Breakfast

Toast Is In Season

“It was the best of times, it was the worst of times.” Props, Mr. Dickens, a more accurate turn-of-phrase is difficult to come by.

It’s been Spring in Los Angeles since….three years ago? With the exception of a few days of either rain or blistering humidity. The farmers markets are finally (and when I say finally, I realize I have zero control, which is as it should be) matched with the season. Green things are everywhere. Stone fruit season is the most wonderful time of the year – a description I ordinarily attribute only to March Madness and Champions League Soccer.

It’s also apparently a season of toast? I am hard-pressed to remember a time when I wasn’t thoroughly surrounded by artisanal Wonderbread upgrades. FYI, I’m sure I’m supposed to provide some sort of commentary on the patriarchal cultural norms currently causing me to cluster the letters forming the last name of the woman in the vintage ad below ad into “Barbie” instead of “Barrie.”. Respect for Wendy Barrie being one of the O.G. talk show hosts, but the 84 out of 100 women who participated in the advertised test (see the lower-third of the photo) deserve both better bread and a less vapid iteration of publicity.

Hearing about The Mill in San Francisco clued me into the amount of money individuals are willing to pay for delicious bread, butter, and spread. ($4.00, by the way, in case you’ve got better things to do than click on the links I attach.) I am also guilty of paying $6-8.00 for a tartine at various other establishments. (Btw, those are open-faced sandwiches which have roots in the Middle Ages, when thick slices of bread called “trenchers” were used as edible plates to not waste the juices of whatever was placed on top of them, then given to the poor or fed to animals. I digress. This post is getting way longer than I originally intended it to be.)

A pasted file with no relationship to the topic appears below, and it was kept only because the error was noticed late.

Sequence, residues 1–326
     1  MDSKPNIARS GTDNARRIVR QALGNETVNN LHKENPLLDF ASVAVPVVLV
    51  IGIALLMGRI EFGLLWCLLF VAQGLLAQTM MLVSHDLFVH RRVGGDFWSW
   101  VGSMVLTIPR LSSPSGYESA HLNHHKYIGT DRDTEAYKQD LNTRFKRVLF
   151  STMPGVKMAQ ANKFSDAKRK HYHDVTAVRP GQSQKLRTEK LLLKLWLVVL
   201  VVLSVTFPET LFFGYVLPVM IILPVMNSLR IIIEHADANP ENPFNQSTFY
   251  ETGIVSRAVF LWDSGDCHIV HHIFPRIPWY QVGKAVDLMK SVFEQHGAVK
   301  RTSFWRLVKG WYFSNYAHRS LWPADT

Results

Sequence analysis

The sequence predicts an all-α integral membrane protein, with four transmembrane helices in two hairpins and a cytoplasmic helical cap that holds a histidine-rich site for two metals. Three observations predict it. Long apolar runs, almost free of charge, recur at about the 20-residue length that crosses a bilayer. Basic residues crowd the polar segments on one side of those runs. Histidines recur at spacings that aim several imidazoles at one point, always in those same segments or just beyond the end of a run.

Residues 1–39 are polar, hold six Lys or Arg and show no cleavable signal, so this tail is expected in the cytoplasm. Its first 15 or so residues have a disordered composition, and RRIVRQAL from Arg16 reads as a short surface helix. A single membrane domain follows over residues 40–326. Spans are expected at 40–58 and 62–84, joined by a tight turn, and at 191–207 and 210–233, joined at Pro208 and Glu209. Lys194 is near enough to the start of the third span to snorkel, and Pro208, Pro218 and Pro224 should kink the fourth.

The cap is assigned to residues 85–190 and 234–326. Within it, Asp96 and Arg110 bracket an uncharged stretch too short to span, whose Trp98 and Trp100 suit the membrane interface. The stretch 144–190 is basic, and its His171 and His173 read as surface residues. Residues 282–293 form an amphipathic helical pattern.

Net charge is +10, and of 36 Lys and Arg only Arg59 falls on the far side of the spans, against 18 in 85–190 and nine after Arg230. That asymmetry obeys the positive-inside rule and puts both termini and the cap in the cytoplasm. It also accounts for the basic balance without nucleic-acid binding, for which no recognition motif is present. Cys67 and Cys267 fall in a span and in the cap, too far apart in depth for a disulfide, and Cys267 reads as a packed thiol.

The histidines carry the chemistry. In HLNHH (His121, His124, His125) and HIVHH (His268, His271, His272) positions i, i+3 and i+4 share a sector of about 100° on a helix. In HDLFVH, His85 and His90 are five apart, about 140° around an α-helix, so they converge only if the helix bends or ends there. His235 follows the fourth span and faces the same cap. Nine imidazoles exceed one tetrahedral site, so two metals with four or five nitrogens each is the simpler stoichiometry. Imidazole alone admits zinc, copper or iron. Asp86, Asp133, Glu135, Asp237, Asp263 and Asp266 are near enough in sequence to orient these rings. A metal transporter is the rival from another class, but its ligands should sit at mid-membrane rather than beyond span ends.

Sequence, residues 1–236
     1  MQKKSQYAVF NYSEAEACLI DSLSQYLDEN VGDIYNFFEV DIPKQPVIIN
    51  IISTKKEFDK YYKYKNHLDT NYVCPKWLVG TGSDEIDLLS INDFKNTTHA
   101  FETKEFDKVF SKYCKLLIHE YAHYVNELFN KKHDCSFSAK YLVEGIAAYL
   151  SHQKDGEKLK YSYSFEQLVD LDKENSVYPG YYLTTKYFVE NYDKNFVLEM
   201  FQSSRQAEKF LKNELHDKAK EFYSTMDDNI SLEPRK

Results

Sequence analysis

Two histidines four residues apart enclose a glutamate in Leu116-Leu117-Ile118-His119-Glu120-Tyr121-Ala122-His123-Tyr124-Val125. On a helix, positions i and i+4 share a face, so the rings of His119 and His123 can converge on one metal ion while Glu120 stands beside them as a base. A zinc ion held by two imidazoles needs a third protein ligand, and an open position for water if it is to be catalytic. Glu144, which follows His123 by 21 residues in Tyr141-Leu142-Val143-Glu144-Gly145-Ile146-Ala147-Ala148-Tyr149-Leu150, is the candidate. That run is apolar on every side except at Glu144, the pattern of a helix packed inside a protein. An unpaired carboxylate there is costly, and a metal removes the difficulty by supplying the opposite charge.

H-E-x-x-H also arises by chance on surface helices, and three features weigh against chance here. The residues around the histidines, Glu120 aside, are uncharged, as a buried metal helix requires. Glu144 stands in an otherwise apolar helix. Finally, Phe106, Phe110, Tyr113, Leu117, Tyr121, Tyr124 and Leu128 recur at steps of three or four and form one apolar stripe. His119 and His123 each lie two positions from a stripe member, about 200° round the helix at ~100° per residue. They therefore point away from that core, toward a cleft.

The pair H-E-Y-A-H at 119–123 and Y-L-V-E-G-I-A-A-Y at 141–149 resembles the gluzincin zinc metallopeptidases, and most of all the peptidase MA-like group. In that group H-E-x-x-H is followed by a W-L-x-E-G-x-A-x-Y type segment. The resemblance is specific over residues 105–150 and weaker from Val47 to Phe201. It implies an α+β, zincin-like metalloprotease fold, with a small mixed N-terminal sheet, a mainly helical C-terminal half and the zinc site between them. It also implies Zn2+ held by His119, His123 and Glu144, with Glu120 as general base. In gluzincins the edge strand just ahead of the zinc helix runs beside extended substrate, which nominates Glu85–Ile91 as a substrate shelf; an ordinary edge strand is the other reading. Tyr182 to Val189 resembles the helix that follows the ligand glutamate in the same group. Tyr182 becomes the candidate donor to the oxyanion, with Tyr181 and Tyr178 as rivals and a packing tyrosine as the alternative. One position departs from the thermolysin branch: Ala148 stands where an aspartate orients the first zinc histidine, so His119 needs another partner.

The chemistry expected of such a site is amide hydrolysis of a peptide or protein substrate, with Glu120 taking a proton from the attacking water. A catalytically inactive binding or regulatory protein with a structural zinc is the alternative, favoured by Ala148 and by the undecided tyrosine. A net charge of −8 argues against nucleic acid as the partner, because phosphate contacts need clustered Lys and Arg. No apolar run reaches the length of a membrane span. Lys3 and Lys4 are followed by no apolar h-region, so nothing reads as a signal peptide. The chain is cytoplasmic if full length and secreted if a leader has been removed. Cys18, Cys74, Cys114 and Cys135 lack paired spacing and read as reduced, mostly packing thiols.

Yesterday, Francis Lam, an editor and food columnist, tweeted this brilliance, to which I am countering, “How Many Days can I live on Sourdough Bread with Whatever Spring Shit I have in the Fridge?: An Experiment by Sydney.”

Today’s toast has green onion butter, fava beans, and basil.

Spring Toast

 

Too Much Time with Runny Yolk Folks

Is it possible to remember a time before eggs with varying degrees of runny yolks were put on top of everything?

Okay. It’s not that bad, but you catch my drift, yeah?